National Geographic

Book Review: The Complete Dinosaur, Second Edition

There has never been a better time for dinosaur fans. New species are named almost weekly, and refined techniques are telling us more about dinosaur lives than was ever possible before. The flood of information is so sweeping that it can be difficult for even specialists to keep up, particularly as the study of dinosaurs encompasses a variety of subdisciplines regarding disparate aspects of prehistoric biology, evolution, and extinction. Thankfully, a recent glut of dinosaur guides have recently cropped up to help dinosaur aficionados navigate the latest assemblage of facts and questions about Apatosaurus and company. The heftiest so far – both in terms of scholarly contributions and sheer physical weight – is The Complete Dinosaur, Second Edition.

The original edition of The Complete Dinosaur was issued in 1997. Even then, it was clear that an update would be inevitable – the 1990s saw an explosion of new ideas and techniques in the study of dinosaurs. Rather than throw out the original material, however, editors Michael Brett-Surman, Thomas Holtz, and James Farlow cut a few sections, appended updates to previous chapters, and accumulated new contributions. The massive book runs 1112 pages divided into 45 chapters, boasting profiles of major dinosaur groups, details about dinosaur biology, and useful summary chapters on subjects such as Mesozoic plants and fieldwork basics. A few angles, such exciting new research into what colors feathered dinosaurs were, didn’t make the cut, but the volume still covers a great deal of historical background, theory, and our present understanding of dinosaur biology.

Each chapter could merit a review by itself. The style and quality of each contribution varies from one chapter to the next.

At times, it’s difficult to know who The Complete Dinosaur is intended for. Whereas Ralph Molnar’s chapter on paleobiogeography is a well-written, accessible review that will undoubtedly be helpful to those who haven’t considered the importance of shifting landscapes to evolution, the position paper by John Ruben and coauthors on dinosaur physiology is a highly technical argument stemming from an insider dispute between workers such as Ruben, who stubbornly deny birds are dinosaurs, and the overwhelming majority of dinosaur experts. An atlas on dinosaur musculature by David Dilkes and coauthors hits a comfortable semitechnical tone and can act as a primer for students unfamiliar with rigorously reconstructing dinosaur soft tissues, while Emily Buchholtz’s summary of dinosaur brains shades slightly too technical to be accessible to anyone who doesn’t already have some background in neuroscience. Darren Naish adds a comprehensive, handy review of birds – essential for any dinosaur book that wants to call itself complete – but the section on molecular traces of dinosaurs by Mary Schweitzer and Mark Marshall is frustratingly lacking, only containing the briefest mention of Schweitzer’s work on preserved soft tissue remnants in Tyrannosaurus and Brachylophosaurus. The Complete Dinosaur is a mixed bag of dinosaur summaries.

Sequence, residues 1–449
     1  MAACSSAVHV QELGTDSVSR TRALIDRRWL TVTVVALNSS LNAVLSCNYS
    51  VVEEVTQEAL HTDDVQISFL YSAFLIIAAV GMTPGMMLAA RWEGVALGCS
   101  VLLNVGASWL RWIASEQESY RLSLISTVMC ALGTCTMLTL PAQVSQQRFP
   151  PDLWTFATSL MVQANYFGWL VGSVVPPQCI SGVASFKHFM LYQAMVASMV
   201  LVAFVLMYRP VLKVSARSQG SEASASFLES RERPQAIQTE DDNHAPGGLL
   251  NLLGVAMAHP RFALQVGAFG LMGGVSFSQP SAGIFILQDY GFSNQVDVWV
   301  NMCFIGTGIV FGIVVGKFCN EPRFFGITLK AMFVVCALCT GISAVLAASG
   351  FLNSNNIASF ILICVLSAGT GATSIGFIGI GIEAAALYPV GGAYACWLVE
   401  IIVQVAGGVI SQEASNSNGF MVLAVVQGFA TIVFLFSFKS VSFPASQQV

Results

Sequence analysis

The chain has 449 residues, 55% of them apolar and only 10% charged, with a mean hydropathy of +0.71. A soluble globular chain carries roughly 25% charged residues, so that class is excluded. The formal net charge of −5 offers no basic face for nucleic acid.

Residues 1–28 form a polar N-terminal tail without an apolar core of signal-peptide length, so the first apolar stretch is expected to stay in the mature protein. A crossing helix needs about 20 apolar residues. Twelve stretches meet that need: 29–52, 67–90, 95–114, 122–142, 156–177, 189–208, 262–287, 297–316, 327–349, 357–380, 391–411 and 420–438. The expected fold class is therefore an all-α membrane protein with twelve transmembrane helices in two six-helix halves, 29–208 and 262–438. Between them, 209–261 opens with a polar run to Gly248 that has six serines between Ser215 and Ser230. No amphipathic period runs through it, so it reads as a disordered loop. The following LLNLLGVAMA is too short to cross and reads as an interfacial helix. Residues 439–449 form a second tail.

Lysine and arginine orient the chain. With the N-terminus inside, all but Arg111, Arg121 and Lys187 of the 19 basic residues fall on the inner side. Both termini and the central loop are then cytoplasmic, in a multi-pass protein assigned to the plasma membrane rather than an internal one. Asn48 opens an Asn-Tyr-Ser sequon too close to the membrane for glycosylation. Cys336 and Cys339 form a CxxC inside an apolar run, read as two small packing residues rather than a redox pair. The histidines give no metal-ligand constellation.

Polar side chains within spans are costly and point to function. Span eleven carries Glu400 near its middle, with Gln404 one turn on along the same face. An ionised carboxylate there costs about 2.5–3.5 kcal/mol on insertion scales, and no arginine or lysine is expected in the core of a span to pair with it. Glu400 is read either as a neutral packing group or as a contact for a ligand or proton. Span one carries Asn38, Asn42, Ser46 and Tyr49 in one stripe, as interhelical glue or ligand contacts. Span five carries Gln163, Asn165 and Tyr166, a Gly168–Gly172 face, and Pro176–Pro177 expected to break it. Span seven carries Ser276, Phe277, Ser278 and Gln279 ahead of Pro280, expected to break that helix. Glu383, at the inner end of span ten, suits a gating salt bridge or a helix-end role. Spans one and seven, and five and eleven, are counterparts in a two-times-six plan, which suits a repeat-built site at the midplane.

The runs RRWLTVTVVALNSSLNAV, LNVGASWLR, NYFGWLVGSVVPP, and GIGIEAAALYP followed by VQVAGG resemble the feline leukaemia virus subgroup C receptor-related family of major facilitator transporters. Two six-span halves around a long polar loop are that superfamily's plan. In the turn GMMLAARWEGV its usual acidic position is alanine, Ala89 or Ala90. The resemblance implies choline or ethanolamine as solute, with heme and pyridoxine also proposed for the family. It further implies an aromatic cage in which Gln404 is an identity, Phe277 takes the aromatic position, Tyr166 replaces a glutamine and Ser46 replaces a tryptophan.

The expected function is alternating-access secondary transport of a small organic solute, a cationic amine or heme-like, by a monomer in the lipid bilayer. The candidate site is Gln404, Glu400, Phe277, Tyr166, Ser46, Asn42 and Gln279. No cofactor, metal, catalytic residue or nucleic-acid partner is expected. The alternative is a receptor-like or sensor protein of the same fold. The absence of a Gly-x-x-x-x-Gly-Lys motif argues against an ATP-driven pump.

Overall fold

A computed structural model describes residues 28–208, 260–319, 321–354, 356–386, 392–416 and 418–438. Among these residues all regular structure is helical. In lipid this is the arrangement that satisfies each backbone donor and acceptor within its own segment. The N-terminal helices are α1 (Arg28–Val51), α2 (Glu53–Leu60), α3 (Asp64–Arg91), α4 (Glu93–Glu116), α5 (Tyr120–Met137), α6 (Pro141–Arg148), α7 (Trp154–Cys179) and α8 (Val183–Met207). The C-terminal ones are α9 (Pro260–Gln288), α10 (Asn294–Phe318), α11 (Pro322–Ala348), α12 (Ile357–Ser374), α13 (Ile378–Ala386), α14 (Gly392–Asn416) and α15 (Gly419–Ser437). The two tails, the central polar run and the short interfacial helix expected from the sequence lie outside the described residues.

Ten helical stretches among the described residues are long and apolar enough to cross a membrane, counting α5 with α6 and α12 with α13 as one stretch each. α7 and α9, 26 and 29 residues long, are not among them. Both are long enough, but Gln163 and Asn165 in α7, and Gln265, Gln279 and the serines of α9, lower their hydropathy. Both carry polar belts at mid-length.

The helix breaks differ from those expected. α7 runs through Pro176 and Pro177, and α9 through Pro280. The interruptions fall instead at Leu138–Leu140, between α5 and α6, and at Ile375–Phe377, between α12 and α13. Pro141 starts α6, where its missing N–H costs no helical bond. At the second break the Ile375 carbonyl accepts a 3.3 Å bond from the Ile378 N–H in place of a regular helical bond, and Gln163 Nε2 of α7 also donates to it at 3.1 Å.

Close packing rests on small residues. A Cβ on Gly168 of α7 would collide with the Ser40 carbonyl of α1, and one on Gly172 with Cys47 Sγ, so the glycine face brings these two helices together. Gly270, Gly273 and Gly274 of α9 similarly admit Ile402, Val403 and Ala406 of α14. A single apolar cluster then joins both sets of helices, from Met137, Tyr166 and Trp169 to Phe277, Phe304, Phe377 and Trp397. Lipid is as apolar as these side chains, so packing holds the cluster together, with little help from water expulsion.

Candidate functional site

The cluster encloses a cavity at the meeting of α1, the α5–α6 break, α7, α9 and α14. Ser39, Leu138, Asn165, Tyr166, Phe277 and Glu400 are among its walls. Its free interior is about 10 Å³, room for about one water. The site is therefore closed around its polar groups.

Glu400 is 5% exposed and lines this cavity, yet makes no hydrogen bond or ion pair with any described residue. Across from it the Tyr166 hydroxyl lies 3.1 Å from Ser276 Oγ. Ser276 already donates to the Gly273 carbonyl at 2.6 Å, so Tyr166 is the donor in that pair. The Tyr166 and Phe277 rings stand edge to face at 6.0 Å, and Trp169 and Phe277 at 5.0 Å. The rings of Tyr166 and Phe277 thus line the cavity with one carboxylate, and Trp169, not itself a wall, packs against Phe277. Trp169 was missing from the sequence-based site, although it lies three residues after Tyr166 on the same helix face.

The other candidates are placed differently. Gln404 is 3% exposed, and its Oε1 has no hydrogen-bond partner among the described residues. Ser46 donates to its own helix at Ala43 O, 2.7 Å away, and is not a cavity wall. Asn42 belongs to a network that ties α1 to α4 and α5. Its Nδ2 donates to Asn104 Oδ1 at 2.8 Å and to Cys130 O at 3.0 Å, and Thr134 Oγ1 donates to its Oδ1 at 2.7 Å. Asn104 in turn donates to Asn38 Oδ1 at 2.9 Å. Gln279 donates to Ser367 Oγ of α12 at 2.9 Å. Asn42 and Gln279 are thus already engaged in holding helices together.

Perhaps the uneven nature of such multi-expert anthologies is simply in the nature of the beast. Readers who want basic information about how dinosaurs are discovered and what kinds of dinosaurs once existed will find much to chew on. The tome also collects useful review chapters on dinosaur biology for students, amateur experts, and professional paleontologists. Even though some sections are swamped by technical language and debates are not always given a clear introduction, such as a trio of chapters on the ongoing argument over dinosaur physiology, The Complete Dinosaur is still a highly valuable resource for anyone with a serious interest in dinosaurs. Even as dinosaur family trees change, and discoveries alter what we thought we knew, the new volume is a fertile starting place for students and experts interested in paleontological problems they have not considered before. At the very least, The Complete Dinosaur demonstrates how exceptionally rich the study of dinosaurs has become.